In consecutive games, hits, Surhoff is on a roll

ORIOLES NOTEBOOK

Another iron man brings smile from joking Miller

Kamieniecki stays in 'pen

June 17, 1999|By Roch Kubatko | Roch Kubatko,SUN STAFF

As if Orioles manager Ray Miller doesn't have enough issues to tackle on a daily basis, he's now got another consecutive-games streak to contend with this season.

With Colorado's Vinny Castilla remaining on the bench Tuesday, B. J. Surhoff took over as baseball's active leader in consecutive games played. He appeared in No. 226 yesterday, making his usual start in left field.

"I didn't want to hear that," Miller said, jokingly.

In typical Surhoff fashion, he downplayed the accomplishment as if it didn't warrant any special attention.

"I feel fortunate that I've been healthy enough to play this long," he said. "Fortunately, my performance has warranted me being in the lineup that long, too."

Surhoff still has a way to go to challenge Cal Ripken's record streak of 2,632 games. "I'm not going to try to play another 15 years to get to 2,600," said Surhoff, 34. "I'll be lucky if I get 2,600 in my career."

As for gaining a better appreciation of Ripken's run, Surhoff said, "I didn't have to get to this point to drive that home. I knew how ridiculous it was then -- in a good way."

Surhoff kept another streak alive yesterday, getting a hit in his 17th straight game and leaving his average at .384 (28-for-73) during that span. He's hit safely in 54 of 64 games this season.

Orosco: No. 3 `great feeling'

Jesse Orosco passed Kent Tekulve once in Tuesday's game, and he soon will do it again.

The Orioles left-hander took over third place in all-time games pitched with 1,051, leaving him 20 away from Dennis Eckersley's record. Hoyt Wilhelm is one behind Eckersley.

Orosco also is four relief appearances shy of surpassing Tekulve and becoming the all-time leader in that department.

He kept the baseball from Tuesday's game to add to his growing collection. "It means a lot to me. It turned out to be a nice personal goal over the last few years, especially last year, knowing it was probably in reach," he said.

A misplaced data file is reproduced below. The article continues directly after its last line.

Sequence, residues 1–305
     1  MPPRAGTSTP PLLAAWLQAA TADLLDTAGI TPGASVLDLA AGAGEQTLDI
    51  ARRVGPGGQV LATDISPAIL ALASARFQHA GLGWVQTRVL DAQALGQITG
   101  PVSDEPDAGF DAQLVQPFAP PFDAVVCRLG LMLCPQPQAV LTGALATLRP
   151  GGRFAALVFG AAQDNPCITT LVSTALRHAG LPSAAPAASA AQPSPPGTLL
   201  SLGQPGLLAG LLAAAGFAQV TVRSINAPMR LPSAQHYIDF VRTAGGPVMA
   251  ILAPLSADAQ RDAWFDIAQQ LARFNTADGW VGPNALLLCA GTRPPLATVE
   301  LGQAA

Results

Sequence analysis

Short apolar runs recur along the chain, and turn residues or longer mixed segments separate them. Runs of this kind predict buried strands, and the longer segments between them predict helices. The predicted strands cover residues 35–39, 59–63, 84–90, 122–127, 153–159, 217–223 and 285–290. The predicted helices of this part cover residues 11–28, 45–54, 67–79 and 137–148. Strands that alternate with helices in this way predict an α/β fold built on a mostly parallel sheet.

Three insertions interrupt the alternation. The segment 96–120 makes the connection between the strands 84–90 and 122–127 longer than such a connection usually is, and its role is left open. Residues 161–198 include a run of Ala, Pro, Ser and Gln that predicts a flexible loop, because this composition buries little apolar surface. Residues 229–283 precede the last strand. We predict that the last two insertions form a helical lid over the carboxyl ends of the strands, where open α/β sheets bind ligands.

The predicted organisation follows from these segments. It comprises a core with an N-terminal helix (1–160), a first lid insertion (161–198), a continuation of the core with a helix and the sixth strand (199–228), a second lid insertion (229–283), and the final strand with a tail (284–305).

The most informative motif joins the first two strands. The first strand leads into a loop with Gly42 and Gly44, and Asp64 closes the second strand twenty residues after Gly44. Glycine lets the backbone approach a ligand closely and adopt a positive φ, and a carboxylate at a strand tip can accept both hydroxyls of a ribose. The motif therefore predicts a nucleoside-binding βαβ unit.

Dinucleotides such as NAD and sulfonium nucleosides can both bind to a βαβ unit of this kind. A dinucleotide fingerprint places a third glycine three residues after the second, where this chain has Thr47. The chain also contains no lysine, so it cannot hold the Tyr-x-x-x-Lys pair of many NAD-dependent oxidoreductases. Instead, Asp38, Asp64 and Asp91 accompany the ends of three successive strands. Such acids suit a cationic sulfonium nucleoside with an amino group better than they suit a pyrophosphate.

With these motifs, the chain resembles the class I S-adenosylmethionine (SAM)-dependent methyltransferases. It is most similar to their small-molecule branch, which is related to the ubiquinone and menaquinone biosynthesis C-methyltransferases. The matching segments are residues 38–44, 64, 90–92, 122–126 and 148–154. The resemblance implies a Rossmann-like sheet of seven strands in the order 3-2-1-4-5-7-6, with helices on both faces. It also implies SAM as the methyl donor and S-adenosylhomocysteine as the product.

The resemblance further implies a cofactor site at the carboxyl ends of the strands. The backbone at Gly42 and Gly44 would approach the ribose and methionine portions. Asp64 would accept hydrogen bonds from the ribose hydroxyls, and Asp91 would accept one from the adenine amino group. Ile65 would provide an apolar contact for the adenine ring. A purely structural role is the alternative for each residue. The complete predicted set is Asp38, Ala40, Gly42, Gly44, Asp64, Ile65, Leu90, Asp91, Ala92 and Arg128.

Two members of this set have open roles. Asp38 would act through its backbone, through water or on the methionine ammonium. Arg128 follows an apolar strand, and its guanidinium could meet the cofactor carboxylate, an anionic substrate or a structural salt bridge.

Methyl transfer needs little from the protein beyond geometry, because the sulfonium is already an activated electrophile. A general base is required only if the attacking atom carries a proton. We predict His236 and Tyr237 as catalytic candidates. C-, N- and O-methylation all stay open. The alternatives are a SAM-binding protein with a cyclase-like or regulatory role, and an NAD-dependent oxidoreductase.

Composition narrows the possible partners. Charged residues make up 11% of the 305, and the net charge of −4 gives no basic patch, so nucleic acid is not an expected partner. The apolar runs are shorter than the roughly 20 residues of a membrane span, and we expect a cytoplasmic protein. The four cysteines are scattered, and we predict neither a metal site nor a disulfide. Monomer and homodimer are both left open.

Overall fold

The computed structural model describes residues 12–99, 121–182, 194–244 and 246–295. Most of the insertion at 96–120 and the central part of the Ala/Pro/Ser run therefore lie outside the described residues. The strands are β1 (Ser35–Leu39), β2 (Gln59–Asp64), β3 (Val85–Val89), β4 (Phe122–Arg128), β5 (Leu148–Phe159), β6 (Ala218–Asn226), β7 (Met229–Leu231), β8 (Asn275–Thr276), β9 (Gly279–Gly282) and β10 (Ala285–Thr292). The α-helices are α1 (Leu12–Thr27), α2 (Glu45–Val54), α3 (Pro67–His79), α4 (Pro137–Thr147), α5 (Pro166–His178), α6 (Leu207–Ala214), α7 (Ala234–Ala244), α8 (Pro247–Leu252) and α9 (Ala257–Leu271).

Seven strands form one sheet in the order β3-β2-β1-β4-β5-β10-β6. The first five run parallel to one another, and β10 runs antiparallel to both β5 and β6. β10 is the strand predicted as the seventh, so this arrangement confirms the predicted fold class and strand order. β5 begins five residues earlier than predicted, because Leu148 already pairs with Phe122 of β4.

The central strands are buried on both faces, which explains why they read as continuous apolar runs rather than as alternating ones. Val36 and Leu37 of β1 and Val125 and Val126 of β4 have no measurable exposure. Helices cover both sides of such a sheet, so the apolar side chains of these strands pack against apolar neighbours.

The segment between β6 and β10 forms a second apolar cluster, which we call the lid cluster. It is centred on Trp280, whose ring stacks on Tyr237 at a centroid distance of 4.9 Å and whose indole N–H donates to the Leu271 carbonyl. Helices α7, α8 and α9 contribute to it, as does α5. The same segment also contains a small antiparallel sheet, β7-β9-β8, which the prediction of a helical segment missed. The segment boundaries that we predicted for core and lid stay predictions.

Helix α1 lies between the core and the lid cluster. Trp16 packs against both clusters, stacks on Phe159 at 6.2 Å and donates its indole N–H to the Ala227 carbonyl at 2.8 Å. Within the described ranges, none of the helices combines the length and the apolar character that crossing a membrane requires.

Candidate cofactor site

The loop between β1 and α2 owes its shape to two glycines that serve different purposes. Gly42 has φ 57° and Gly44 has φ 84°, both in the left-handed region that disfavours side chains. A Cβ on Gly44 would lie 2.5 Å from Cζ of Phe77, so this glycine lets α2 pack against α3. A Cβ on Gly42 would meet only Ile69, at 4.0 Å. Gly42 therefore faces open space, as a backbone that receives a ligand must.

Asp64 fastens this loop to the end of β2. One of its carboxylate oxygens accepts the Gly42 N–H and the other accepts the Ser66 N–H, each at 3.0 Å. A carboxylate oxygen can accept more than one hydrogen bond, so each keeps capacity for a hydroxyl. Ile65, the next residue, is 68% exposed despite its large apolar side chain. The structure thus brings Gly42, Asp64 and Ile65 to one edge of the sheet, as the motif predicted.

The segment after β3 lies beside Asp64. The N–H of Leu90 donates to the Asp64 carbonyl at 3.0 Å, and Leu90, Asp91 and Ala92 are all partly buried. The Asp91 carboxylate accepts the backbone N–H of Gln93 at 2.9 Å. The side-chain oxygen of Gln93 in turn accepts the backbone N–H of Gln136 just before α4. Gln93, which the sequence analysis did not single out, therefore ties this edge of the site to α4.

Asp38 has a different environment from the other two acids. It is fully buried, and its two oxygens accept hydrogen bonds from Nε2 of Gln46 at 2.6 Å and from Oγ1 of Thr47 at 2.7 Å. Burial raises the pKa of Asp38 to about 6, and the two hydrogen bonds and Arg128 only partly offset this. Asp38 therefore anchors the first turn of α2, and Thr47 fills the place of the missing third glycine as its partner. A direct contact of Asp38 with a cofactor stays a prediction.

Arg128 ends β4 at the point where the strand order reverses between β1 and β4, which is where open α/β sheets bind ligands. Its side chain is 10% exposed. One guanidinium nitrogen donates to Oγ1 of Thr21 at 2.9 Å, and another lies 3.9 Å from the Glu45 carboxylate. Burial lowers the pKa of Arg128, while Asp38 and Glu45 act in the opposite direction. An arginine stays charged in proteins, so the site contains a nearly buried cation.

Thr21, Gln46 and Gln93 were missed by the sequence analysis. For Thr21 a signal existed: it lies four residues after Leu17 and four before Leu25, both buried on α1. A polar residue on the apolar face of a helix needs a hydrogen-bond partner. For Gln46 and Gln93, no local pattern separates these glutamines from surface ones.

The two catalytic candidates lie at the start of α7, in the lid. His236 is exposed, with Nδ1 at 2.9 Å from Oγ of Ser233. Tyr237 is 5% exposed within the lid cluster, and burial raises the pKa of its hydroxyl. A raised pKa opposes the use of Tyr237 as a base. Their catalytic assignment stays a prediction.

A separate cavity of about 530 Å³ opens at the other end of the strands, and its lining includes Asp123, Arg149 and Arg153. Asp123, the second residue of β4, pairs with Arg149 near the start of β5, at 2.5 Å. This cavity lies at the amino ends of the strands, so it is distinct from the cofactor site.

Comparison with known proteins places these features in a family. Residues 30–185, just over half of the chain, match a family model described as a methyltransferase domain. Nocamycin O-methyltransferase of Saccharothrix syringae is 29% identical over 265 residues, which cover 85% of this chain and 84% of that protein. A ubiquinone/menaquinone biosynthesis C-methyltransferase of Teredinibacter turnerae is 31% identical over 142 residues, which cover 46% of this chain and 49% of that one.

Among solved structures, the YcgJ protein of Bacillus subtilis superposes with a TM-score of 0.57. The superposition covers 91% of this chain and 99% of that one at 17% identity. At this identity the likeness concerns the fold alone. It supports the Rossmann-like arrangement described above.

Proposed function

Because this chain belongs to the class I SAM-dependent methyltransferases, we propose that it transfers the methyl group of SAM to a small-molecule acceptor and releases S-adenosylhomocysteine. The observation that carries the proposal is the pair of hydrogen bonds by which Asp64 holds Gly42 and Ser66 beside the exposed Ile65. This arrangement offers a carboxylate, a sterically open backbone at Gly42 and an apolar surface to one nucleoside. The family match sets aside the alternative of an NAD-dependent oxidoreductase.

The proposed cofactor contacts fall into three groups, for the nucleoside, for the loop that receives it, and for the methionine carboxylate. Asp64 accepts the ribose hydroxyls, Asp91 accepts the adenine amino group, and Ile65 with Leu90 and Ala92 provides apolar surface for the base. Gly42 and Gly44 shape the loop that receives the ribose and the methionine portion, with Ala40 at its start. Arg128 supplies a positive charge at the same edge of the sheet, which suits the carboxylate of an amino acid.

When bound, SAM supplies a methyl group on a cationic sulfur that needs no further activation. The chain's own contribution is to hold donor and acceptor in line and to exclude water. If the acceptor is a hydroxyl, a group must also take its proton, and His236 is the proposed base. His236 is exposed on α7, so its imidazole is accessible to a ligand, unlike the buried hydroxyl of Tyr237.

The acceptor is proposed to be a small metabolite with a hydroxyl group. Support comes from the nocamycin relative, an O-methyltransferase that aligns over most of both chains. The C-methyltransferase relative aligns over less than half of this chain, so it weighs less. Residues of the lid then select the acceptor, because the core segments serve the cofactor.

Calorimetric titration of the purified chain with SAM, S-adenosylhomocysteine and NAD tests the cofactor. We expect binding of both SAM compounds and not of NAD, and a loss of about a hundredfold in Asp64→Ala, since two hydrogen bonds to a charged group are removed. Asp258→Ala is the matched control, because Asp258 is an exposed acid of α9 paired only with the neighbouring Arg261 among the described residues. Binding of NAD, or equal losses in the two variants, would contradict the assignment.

"It's a good feeling just knowing you've played for a long time and are able to reach these goals. You look at Ripken and see all his accomplishments. He's played a long time to get them. Mine don't compare, but it's still a great feeling.

"Not patting myself on the back, but if you don't go out there and put up numbers and do your job, the manager can just turn around and say, `I can't be putting this kid out there.' Especially this year, I've wanted to be able to have good numbers by the time I reached this goal. I didn't want to make a silly thing out of it. I didn't want it to be like I just hung on to get it. I still feel in my heart I can help this team out a lot. I'm throwing the ball good again."

His 6.46 ERA is the lowest it's been since April 10. He's stranded 11 of his last 12 inherited runners.

Kamieniecki in relief, for now

Jason Johnson will remain in the rotation and face Chicago this weekend despite his struggles on Tuesday, when he allowed five runs in 2 2/3 innings. But Miller suggested that Scott Kamieniecki could eventually move back into a starting role after giving the club 4 1/3 shutout innings in relief of Johnson.

"I think that's a possibility," Miller said, "but right now I'd like to keep him [in the bullpen]. He's comfortable there. He seems happy, he seems healthy."

Kamieniecki was making his second relief appearance since rejoining the Orioles on June 7 from Triple-A Rochester, where he was sent to regain his command after being on the disabled list with a strained left hamstring. The following night, he took the loss in the second game of a doubleheader in Florida, allowing two runs in the eighth inning.

"I felt the same way in Miami that I did [Tuesday]. I also felt that way the last two times I pitched in Rochester. Sometimes the results are misleading," he said.

"I've been throwing the ball pretty well. Now it's just a matter of going out there and getting some innings in and proving it."

Because he's been used sporadically in relief throughout his career, going to the bullpen hasn't been much of an adjustment.

"When you get 60 feet away, you've still got to get them out," he said. "I've been around long enough to know what to do to get ready."

Around the horn

Second baseman Delino DeShields left the club after Tuesday's game to be with his wife in Georgia for the birth of their third child. Jeff Reboulet started in his place yesterday and drove in the winning run with a seventh-inning bunt single. DeShields will rejoin the Orioles today in Chicago, where they begin a four-game series. Ripken extended his hitting streak to eight games with a second-inning single that also moved him past Al Simmons into 30th place on the all-time hits list with 2,928. Before yesterday's first pitch, general manager Frank Wren presented Will Clark with an Orioles jersey bearing the No. 2000 on the back to commemorate his 2,000th career hit Tuesday.

Pub Date: 6/17/99

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